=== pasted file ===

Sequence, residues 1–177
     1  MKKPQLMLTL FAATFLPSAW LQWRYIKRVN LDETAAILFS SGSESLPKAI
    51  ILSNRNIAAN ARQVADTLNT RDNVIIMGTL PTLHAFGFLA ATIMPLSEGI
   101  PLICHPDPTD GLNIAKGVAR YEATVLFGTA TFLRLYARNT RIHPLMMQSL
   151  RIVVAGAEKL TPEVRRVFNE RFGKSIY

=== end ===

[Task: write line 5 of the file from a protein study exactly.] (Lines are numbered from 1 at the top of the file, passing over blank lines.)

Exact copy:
   151  RIVVAGAEKL TPEVRRVFNE RFGKSIY